it will work
effectively together to enjoy what it has in common - a once in a lifetime opportunity to serve a wealthy aging consumer who just wants an efficient and effective architectural/mechanical system in a familiar form which creates and maintains an environment that satisfies the health, wellness and comfort
factors for the least amount of operating cost before passing away.
My challenge to industry participants is before taking another class on boilers, controls, pipe, pumps and valves, become grounded in principals of human factor design by taking an introductory class on human physiology, consumer psychology, industrial design and ergonomics – especially ones which covers an aging population, then
brush up on your basic physics and chemistry. With your newfound knowledge, redefine what it is you do mechanically and electrically in terms that older retiring adults can understand and value.
Words to consider from Janet Ahmad, President, HomeOwners for Better Building in response to article in Fine Homebuilding Magazine, A Dismal Standard, A veteran builder bemoans the state of the construction industry today by Tedd Benson
"To reiterate, this country has made unbelievable strides to help make life better; in the medical profession organ transplants, immunizations and pills to cure all types of dreadful diseases, brilliant minds made text messaging and cell phone available to billions. For those who can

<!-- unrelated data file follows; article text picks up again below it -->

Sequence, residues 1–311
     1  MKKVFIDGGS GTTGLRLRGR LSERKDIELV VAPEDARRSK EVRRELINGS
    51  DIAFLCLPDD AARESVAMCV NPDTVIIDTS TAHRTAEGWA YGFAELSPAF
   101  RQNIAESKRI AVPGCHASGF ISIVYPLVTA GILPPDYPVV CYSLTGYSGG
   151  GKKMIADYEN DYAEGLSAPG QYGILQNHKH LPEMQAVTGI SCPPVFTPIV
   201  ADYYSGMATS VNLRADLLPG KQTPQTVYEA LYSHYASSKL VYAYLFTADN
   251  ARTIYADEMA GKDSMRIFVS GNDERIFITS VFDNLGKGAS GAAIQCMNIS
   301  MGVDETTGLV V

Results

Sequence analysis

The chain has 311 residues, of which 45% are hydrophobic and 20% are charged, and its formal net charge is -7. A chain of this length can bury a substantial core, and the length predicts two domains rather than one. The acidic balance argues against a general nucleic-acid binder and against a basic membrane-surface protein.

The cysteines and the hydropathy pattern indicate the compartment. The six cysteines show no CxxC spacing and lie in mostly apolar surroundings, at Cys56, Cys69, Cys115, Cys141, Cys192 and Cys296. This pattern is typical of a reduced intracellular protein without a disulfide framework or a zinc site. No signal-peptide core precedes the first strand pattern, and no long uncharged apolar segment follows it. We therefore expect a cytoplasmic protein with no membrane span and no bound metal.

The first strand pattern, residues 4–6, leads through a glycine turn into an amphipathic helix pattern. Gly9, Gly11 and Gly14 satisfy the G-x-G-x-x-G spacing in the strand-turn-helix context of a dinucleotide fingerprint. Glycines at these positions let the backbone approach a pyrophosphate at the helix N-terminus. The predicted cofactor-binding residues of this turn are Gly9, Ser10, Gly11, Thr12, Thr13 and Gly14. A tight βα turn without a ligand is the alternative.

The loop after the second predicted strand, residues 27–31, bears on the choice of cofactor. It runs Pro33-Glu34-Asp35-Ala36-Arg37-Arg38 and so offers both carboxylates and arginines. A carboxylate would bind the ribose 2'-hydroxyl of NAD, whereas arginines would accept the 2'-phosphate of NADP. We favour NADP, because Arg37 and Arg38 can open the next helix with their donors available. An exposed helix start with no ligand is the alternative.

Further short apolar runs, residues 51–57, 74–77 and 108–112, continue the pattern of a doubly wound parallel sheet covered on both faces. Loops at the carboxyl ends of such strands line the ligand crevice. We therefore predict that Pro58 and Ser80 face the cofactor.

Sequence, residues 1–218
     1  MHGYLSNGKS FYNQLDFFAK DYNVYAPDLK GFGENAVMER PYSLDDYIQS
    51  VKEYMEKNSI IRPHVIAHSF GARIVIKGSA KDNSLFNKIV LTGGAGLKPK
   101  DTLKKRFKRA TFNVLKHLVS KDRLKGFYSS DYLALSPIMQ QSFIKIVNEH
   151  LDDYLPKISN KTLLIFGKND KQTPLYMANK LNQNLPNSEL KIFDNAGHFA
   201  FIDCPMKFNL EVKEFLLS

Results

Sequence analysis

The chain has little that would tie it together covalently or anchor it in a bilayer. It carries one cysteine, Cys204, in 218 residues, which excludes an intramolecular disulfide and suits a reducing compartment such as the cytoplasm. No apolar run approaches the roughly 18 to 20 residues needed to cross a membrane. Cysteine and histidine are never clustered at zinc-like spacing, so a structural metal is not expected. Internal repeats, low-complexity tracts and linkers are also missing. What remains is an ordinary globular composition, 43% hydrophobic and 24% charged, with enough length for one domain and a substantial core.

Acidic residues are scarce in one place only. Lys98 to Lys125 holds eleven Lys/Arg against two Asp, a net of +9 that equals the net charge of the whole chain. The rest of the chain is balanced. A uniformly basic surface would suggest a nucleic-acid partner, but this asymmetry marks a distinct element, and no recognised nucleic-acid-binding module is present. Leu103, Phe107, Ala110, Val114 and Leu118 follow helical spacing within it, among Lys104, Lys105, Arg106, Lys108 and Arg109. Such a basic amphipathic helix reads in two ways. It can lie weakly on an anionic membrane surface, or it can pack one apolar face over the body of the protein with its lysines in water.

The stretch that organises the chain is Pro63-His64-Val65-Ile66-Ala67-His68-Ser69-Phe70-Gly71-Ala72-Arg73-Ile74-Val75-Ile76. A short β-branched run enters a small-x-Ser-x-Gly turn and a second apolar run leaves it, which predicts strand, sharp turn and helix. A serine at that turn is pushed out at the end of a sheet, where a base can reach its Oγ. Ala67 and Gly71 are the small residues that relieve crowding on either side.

remember way back in the 60’s scientists succeeded in putting man on the moon. More astounding is that unreliable cars of the 60’s and 70’s with one-year warranties have become a thing of the past. Today’s cars are more reliable, longer-lasting; have life-saving safety features, and in
some cases have warranties of up to 12 years."
12 year warranty for an HVAC system on wheels...makes you think doesn't it? RB
"In any industry, one of the most important and
difficult tasks is to explain a nuanced process to someone
unfamiliar with the field. At its grass roots, design is a
process like many others; it has theories, strategies and
examples that can be explained on a general level. It’s not a
matter of what type of information is given, but rather how it
is presented and to what type of audience." Speaking Design to